Having recovered back at home, I could say that I unequivocally deserved a slice of chocolate tart with ice cream – and to watch a fun film – ‘The Pirates! In an Adventure with Scientists’, another gem from Aardman Animation. It is a silly sea-faring yarn, of not too competent pirates featuring a parrot that is in fact a dodo and a rather scheming Charles Darwin.  Plenty of pithy one-liners but it is easy to miss a lot of content first time round. I won’t need any encouragement to watch it again, very good fun and a change from our usual film choices.

Chocolate, whisky and bramble tart

A nod to the traditional, containing a dram, with added richness and silkiness. The ganache for this tart is sublimely super-smooth and rich.  Thank you to Michel Roux for the basis of this recipe. It is based on his chocolate and raspberry tart.

Pastry is pate sucree as used for passionfruit and orange tart.  I also elected to coat the base in melted chocolate again.  The brambles were moist from being soaked in whisky and also having been frozen, so I wanted to safeguard the pastry from sogginess.

The ice cream was vanilla, the same recipe used to accompany said passionfruit and orange tart, except this time, I made bramble coulis to swirl through it.

Chocolate tart with brambles

Ingredients

200g brambles

50 ml whisky of your choice

For the ganache:

200ml whipping cream

200g dark chocolate, at least 70% cocoa solids

25g liquid glucose

50g butter, cubed into small pieces

Method

  • Soak the brambles in the whisky for a couple of hours.
  • Make pate sucree as per outlined in my previous post, coating the pastry case with melted chocolate to seal it.
  • Strain the brambles from the whisky and arrange on the tart base.
  • Prepare the ganache: bring the cream to the boil, take it off the heat, stir in the chocolate until smooth using a balloon whisk, add the liquid glucose, then the butter, a few cubes at a time.  The glucose adds to the smoothness, as does the butter and which also gives the tart sheen.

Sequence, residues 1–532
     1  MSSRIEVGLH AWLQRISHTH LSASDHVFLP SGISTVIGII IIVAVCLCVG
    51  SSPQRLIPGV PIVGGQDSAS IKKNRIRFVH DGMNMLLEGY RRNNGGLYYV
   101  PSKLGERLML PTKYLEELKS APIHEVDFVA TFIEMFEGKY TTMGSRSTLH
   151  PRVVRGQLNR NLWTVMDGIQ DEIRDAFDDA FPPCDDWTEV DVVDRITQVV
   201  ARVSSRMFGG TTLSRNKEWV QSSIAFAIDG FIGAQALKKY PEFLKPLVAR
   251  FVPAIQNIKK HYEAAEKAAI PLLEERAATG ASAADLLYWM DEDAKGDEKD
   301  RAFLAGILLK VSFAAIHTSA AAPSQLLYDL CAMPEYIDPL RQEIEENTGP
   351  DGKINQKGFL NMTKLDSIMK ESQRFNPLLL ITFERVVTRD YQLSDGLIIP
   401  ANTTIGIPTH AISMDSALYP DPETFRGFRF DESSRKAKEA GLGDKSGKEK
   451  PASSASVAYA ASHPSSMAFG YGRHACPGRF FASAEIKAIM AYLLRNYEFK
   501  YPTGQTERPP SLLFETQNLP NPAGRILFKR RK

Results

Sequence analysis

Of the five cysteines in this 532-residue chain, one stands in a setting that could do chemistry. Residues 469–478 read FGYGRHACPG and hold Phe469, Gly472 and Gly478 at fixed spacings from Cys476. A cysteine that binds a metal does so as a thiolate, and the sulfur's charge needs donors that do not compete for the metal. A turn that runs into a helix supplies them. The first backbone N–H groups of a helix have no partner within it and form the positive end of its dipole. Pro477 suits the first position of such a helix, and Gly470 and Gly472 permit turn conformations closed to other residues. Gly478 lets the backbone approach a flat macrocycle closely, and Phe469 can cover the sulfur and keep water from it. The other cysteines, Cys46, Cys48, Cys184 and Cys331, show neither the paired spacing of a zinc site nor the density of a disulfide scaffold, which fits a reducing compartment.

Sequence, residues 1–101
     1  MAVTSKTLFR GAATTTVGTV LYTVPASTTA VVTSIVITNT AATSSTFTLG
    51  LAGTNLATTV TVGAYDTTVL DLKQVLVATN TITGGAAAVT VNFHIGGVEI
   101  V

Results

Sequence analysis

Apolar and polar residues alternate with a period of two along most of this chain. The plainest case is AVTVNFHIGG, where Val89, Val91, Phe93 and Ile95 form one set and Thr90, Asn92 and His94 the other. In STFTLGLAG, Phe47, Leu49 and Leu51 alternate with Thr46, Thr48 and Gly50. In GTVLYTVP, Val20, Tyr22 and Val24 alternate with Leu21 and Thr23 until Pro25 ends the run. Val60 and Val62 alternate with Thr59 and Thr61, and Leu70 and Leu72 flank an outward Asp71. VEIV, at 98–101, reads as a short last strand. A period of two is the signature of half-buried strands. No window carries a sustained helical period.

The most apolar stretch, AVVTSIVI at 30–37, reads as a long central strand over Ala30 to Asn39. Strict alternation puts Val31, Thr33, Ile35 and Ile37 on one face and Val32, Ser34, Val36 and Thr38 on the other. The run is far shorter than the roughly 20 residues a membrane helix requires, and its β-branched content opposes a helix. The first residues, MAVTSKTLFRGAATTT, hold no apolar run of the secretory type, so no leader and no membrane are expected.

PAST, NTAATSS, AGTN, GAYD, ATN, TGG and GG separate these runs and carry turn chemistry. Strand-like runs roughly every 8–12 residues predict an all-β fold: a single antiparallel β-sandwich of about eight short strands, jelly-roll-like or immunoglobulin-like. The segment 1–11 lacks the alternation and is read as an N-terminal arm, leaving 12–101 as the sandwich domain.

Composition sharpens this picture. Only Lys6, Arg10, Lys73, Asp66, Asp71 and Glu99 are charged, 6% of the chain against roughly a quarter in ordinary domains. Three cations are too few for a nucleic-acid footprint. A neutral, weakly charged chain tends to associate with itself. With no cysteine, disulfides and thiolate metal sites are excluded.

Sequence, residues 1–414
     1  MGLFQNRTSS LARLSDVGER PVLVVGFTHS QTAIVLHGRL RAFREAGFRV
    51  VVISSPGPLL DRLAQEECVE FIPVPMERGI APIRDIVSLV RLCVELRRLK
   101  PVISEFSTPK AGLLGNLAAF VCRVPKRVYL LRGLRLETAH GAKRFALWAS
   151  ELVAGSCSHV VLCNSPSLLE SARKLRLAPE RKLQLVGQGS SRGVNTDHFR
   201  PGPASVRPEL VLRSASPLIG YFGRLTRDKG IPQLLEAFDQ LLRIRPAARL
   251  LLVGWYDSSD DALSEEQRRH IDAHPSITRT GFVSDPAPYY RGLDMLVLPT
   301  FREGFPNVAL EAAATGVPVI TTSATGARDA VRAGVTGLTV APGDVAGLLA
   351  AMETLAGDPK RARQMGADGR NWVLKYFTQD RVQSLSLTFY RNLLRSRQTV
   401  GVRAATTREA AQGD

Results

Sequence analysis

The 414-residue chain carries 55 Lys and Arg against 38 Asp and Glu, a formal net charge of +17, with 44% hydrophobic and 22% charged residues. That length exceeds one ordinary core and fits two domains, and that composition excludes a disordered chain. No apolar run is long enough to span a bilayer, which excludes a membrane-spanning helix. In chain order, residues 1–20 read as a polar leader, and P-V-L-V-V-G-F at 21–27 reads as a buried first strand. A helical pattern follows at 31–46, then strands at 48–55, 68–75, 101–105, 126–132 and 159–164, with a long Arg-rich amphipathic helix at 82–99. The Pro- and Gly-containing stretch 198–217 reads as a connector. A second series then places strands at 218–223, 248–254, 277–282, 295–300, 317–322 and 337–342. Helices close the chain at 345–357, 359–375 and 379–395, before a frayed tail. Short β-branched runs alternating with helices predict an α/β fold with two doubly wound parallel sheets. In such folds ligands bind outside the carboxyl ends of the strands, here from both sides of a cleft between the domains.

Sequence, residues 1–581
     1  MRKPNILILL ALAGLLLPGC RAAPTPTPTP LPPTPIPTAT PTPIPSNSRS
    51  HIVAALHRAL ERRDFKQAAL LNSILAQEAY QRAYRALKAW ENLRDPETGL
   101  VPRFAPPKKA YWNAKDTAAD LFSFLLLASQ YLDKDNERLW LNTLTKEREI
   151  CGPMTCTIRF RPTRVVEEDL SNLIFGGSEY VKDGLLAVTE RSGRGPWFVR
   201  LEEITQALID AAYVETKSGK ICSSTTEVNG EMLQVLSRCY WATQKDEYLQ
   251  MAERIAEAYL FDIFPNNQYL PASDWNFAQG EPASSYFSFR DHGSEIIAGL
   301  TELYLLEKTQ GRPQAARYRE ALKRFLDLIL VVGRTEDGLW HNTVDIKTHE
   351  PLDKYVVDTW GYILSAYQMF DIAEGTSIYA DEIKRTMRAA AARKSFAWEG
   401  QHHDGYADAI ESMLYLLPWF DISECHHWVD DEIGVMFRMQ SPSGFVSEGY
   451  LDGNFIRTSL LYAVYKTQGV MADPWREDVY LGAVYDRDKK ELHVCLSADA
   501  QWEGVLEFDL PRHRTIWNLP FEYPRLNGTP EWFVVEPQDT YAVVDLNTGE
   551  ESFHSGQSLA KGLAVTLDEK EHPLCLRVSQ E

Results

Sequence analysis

• Pour the ganache into the tart case and over the fruit and allow to cool for a couple of hours.
  • Put in the fridge and take out half hour or so before serving.
  • Cut the pieces with a warmed knife to get a nice clean cut through the silky-smooth ganache.  Serve with the ice cream.

Chocolate tartChocolate tart whole

Bramble ripple ice cream

Using the previous recipe for vanilla ice cream, make a bramble coulis and swirl this through the ice cream once it is churned by your ice cream maker.  Fold it in at the end of churning if you are making the ice cream by hand.

Bramble coulis

  • Make a stock syrup by boiling 150g caster sugar and 120 ml water together for 3 minutes.
  • Take 50 ml of the stock syrup and blitz it in a food processor together with 150g of brambles.  Add any leftover whisky-flavoured juice from the brambles added to the coulis.
  • Sieve and stir through the ice cream.

Bramble ripple ice cream

And let again the final word go to Burns:

Let other poets raise a fracas
“Bout vines, an’ wines, an’ drucken Bacchus,
An’ crabbit names an’stories wrack us,
An’ grate our lug:
I sing the juice Scotch bear can mak us,
In glass or jug.

O thou, my muse! guid auld Scotch drink!
Whether thro’ wimplin worms thou jink,
Or, richly brown, ream owre the brink,
In glorious faem,
Inspire me, till I lisp an’ wink,
To sing thy name!

Robert Burns – Scotch Drink, 1785

Chocolate tart and ice cream